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Friday, February 27, 2004

 

Blog's Salute to the Automobile - part 2

Part 1 is over here.

The van made it to morning but was worse for wear. After turning the key, I immediately knew something was wrong. The entire thing was shaking like a Disneyland ride about to jump the tracks. Would I even make it to work?

A ten minute drive took twice that. The van refused to accelerate beyond 30 MPH. Driver's passed and shook their heads. I was clearly stoned, deaf, dumb, blind and deserved to be blasted off the pavement. Breaking down in Beaverton wasn't an option. If the van died on Canyon Road, it would be become an oversized hockey puck. These motorists would tear at it like starving circus tigers.

The van made it and promptly collapsed. Throughout the workday, I dreaded what awaited me in the parking lot. Did the van have enough life in it to make it to a mechanic? The Blue Book value on this vehicle was maaaaaybe $3.57. Was it finally time to put the old thing out to pasture? Further contributing to these portents of doom were gathering storm clouds. As I headed out, I was welcomed by pouring rain.

The mechanic's shop was two miles away. It was 6 PM, the height of rush hour traffic. Would Mad Max take this risk or just call AAA? Eager to get the nightmare underway, I hoped in. Now the van's odometer refused to rise above 20. Fifteen brutal minutes later, the van huffed and puffed into a garage.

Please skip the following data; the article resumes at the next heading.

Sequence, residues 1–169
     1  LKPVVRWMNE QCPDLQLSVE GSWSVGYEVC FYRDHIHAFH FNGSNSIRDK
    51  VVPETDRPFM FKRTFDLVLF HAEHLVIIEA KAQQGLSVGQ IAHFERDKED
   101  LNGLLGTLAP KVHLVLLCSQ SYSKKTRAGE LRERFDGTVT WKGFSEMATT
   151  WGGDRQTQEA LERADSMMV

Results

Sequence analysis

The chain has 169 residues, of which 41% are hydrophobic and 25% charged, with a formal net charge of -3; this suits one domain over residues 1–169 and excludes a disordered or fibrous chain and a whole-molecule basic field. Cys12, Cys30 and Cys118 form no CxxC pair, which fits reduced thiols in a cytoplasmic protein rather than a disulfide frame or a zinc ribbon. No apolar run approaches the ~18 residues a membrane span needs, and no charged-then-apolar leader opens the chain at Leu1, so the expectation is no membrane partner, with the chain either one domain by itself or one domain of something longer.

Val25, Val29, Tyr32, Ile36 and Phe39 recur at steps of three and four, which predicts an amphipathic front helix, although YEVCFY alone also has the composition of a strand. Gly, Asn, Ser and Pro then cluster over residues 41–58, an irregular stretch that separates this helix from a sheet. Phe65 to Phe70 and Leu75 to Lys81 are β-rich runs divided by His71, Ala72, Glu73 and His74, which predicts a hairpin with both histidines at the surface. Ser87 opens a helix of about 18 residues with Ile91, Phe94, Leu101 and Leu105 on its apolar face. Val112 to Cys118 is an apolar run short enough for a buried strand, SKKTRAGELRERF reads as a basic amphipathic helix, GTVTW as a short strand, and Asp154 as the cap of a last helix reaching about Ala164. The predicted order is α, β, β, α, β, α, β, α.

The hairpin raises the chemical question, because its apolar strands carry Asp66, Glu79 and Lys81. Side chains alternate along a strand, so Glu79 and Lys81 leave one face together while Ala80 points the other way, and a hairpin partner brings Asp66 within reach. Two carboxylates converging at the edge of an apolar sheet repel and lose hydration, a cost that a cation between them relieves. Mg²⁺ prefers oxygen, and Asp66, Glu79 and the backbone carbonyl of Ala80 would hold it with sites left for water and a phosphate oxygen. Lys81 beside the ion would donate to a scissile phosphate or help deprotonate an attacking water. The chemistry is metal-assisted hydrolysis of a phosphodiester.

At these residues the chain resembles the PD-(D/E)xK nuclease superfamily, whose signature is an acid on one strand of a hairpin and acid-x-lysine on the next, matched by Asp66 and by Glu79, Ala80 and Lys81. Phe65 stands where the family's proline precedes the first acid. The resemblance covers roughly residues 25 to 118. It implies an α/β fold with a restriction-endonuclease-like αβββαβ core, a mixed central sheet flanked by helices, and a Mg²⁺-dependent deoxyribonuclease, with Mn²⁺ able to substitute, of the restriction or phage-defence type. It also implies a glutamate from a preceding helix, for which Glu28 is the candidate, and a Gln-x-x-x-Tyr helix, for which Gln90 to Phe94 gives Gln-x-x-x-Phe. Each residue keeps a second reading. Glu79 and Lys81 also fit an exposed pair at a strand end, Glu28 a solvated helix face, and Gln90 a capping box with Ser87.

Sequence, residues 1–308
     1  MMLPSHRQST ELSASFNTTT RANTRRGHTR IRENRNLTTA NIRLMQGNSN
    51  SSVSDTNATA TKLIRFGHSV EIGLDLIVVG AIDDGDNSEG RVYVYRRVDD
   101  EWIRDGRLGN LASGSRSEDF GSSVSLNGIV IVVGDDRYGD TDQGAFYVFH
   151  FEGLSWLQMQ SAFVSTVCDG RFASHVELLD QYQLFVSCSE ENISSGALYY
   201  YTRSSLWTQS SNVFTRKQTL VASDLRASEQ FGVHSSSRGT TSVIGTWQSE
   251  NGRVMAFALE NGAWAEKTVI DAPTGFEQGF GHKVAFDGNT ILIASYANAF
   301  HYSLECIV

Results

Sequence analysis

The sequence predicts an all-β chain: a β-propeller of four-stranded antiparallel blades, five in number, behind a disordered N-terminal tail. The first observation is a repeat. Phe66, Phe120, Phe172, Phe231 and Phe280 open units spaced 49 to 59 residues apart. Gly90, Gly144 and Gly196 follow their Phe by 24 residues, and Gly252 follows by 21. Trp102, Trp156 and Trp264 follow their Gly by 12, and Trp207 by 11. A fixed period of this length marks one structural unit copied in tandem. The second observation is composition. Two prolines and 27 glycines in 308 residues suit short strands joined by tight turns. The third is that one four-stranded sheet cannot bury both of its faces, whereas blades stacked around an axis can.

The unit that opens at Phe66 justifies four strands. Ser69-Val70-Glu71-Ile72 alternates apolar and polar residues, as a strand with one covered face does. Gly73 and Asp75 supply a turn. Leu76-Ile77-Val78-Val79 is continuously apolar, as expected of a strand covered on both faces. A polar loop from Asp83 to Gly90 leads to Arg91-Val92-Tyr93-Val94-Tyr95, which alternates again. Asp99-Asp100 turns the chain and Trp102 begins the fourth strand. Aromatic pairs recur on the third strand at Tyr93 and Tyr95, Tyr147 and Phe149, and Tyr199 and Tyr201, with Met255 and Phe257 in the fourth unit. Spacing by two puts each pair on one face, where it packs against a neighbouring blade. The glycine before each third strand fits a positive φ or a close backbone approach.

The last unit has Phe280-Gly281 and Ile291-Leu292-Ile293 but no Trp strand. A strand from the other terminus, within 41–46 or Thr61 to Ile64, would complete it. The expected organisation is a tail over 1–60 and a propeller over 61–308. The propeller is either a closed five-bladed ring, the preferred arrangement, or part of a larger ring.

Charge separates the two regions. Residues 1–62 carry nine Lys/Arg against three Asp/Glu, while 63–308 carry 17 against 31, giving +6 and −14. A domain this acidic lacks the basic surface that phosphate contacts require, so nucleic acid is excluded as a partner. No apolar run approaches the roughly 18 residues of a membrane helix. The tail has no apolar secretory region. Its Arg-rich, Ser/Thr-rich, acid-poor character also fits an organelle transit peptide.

The staff eyed it warily. They'd operated on this beast before. Unlike most vehicles, the engine of a 1984 Toyota van sits under the front seats, making it a bitch to work on. Furthermore, Ralph Nader would have kittens if he ever took a close look at this thing. A vehicle like this is not only unsafe at any speed, but probably even deadly while stationary. In a head-on collision with something heavier than a BMX bike, it would light up like a flaming Christmas tree.

A scowling mechanic jumped in the van and drove it into the depths of the complex, leaving me to sign the paperwork. I'd need a rental vehicle. The cheapest one was $25 a day. I grudgingly signed off on what sure to become a gigantic repair bill and headed outside to see what jalopy I'd be driving for the next few days.




Outside a 2004 Corolla awaited. Unlike the van, there was no mold growing in the cracks of its windows. It looked like an undiscovered Greek god. This wasn't a car, it was a 1,000 pound metal temptress.

To be continued...

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